Note: Not so much an expanded epilog to The Rig as a musing. I'd recently watched this episode, then heard something on talk radio...this was the result. Go figure... Also, apologies for any misspelled/mis-heard(?) character names.

Epilog: The Rig

-- by Mackie/

He lay on the hard metal floor for a long minute, the cold seeping through the layers of sweater, shirt and tee to chill his skin and creep inward toward his bones. A sense of unreality overtook his previously frantic thoughts, and the emotional detachment momentarily drove away the nerves and fear.

He was alive.

The realization was something of a surprise, because in those last few seconds, he'd felt certain he was about to die in this cold metal box suspended above the waters of the northern Pacific. Instead, he'd found the bomb in time, pulled the wires recklessly because there had been no time left to analyze the timer or disarm it properly, even if he'd been qualified to do so.

Shivering in the cold, he rolled onto his stomach and resolutely pushed himself to his knees. Staring at his hands, fingers splayed against the floor of the oil rig, he considered getting up. It seemed to require a huge effort for such little gain.

But there are hostages to set free, his torpid brain finally reminded him.

So he got up. In spite of the coldness of C Deck, the exertion brought a sheen of sweat to his forehead, and he leaned against the wall to combat the sudden weakness that flooded through his limbs. Damn, I will not go into shock, he told himself firmly.

Perversely, he looked at the bomb and its now inactive timer.

One second, the display read.

When he'd pulled the wires, he'd had less than one second to live. The previously comfortable sense of numbness was swept away by a spasm of fear that shuddered through his body with the force of a seizure. With a desperate desire not to be sick, he leaned over, bracing his hands against his knees, taking in great gulps of air to stave off the nausea. When he was certain he was back in control, he straightened and stumbled sluggishly toward the steps leading up to the next deck.

He was starting to hate stairs. Or maybe they were called "ladders", like on a submarine. He was also feeling a strong aversion to all the metal enclosing him. So he doubly hated metal stairs. This irrational musing helped occupy his mind as he dragged his weary body upward.

The rest of the workers had been imprisoned in a huge wooden shipping crate that had probably held one of the rig's drilling components. It was securely padlocked, and he looked around futilely for something to break it open. Unsuccessful, he finally just knocked on the wood.

"Who's that?" demanded a voice he thought he recognized.

"Broward, it's Sandburg." He was surprised to hear that his voice sounded completely calm and normal.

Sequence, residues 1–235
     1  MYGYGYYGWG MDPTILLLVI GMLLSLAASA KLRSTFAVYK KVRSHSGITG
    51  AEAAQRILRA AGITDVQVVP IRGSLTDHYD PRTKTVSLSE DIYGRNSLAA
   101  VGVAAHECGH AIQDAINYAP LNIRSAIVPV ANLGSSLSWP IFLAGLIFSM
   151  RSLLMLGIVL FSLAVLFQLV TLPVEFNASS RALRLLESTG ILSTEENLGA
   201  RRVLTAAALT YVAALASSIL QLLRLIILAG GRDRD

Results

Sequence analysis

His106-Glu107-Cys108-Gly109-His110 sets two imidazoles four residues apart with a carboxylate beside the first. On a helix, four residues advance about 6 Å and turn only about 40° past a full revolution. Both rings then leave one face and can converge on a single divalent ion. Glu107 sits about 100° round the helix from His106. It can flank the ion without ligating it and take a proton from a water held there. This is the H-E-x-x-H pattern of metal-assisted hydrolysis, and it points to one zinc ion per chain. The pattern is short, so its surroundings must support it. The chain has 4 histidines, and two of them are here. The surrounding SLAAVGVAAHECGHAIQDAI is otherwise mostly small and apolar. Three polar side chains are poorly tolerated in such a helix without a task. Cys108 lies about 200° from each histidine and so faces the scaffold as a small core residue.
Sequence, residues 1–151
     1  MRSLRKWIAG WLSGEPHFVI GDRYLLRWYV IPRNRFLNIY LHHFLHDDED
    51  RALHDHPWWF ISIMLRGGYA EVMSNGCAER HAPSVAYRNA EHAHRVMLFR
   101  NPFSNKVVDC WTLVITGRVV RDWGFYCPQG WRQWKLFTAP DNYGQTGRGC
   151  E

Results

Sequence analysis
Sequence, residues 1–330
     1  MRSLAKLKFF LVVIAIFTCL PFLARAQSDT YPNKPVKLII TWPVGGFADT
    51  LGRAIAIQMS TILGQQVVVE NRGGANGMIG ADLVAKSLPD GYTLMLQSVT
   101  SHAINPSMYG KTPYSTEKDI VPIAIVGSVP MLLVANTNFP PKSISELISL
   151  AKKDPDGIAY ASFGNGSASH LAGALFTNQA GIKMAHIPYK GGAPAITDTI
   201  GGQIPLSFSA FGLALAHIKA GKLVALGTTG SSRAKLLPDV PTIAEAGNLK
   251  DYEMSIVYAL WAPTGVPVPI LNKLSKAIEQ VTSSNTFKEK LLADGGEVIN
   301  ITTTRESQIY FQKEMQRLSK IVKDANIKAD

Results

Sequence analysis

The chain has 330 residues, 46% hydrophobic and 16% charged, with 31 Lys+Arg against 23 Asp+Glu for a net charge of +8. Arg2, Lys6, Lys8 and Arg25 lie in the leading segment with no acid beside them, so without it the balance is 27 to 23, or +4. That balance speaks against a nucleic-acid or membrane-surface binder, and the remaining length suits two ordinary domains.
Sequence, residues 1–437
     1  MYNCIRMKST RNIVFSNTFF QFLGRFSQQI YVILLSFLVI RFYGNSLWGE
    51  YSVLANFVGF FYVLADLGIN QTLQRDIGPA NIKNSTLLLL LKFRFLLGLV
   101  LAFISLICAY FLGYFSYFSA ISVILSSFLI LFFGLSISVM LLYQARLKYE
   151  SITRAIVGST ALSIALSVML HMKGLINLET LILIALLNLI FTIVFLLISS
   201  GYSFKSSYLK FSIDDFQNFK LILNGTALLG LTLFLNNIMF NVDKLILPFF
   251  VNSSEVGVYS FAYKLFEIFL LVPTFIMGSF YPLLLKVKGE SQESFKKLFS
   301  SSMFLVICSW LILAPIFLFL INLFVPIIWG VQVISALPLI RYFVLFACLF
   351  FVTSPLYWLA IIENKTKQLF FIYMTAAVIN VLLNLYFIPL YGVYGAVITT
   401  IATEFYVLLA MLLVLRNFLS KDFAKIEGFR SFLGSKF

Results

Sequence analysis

"Who?"

"The guy with the hair."

"Oh. You gonna let us out of here?"

"I need a pry bar or something. Where can I find one?"

"There's a toolbox against the north wall."

North wall. Great. Perfect instructions for someone who was directionally challenged. He looked around until he spotted a likely box and rummaged through it, emerging at last with a heavy crow bar. The simple task kept him suitably distracted for a minute, so he didn't think about the bomb sitting on the deck below, harmless now but less than one second from blowing them all to oblivion...shit, shit, shit.

He popped the padlock easily and swung back the door.

"Where's Crilly?" Broward demanded immediately upon his release.

"He and the others escaped to a ship," he answered. "My partner's got them."

Broward nodded in satisfaction. "Good."

"Hey," another worker said, "I hear a helicopter." The men hurried off to witness the last of the action.

He was left alone. He hadn't mentioned the bomb; no one else needed to know how close they'd come to being reduced to their component atoms. Knock it off.

Trailing outside after the rest of the crew, he was surprised to find a Coast Guard helicopter on the pad. The Coast Guard must have already been in the area, because Blair certainly hadn't managed to raise anyone on the rig's radio. Even if Jim had managed to call them, they wouldn't have been able to arrive so soon.

After a quick conversation with one of the officers to tell him the location of the explosives, Blair found himself hustled on board with the others for the short ride to the freighter, where they would be safe in the event something went wrong with the disarmament of the bomb. As the large Sikorsky lifted off, Blair glanced down at the rig for the last time, and found his thoughts refusing to let go.